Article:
Photo © Damian Gadal | Flickr/Creative Commons [image: Photo of out-of-focus multicolored holiday lights] Emily Brooks www.emilybrooks.com Winter holidays are all about people. And as hard as that is for me as an adult with autism spectrum disorder (ASD) and anxiety disorders, that’s also why I love them! In the hope that other adults or teens with ASD can benefit from my mistakes and experiences, I’ve compiled my tips for dealing with the holidays. Give When You’re Out of Money and Ideas If you’re like many adults with ASD, you struggle with employment or finances. Try not to panic if you can’t afford expensive presents. When choosing and making presents for your loved ones, it’s keep in mind that gifts are less about the actual objects and more about showing people you care. If you have a little money but you aren’t sure where to spend it, search through cheaper…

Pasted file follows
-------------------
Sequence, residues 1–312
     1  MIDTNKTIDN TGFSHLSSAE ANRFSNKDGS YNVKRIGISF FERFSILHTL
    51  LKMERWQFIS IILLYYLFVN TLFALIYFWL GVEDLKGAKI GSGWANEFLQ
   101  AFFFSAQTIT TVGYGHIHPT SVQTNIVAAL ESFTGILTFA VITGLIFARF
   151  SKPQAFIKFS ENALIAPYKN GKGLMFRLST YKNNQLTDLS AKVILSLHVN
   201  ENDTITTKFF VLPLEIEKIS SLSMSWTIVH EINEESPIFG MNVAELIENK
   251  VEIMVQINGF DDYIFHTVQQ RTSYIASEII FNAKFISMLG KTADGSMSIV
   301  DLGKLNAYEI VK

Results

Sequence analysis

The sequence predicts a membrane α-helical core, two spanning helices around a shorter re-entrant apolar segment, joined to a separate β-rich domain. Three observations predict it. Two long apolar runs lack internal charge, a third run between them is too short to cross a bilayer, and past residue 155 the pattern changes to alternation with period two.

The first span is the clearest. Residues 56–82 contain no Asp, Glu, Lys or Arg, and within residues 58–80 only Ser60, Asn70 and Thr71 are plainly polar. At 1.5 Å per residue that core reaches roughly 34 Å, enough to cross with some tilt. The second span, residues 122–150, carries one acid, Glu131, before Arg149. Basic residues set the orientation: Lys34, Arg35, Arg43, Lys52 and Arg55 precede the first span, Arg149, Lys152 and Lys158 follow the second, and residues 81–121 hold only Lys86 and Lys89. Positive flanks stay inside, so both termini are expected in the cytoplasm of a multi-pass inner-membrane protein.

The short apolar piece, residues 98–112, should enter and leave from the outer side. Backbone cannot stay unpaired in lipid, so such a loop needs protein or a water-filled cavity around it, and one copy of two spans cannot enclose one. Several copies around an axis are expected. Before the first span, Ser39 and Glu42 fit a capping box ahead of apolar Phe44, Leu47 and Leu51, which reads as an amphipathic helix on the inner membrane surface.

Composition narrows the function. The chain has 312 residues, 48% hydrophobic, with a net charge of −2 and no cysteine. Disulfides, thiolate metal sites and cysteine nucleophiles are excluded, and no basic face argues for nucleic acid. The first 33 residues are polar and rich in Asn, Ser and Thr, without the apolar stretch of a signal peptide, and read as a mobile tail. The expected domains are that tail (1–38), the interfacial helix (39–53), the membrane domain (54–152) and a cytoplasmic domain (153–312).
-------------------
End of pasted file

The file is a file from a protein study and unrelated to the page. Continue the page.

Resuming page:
2011-07-12_15-57-37_248-8557131

Parenting in the Park

arbitrary I took both of my children to the park the other day. It shouldn’t be some sort of big announcement that a mom takes her kids to the park, but I was by myself with my two children, who have very different, needs, wants, and abilities, and I am a chicken. There. I said it. I am a scaredy-cat when it comes to taking my kids out into open, uncontrolled situations by myself, unless Jack is buckled into his wheelchair. He has escaped my grasp so many times, wrenching my shoulder as he goes; there are dangerous situations around every corner, and he is fast. And as mature and amazing Katie is at 5, she really is still a small child who deserves to be looked after on a busy street, or a park… but it is summer, and my children are convincing, so I took them. Katie providing…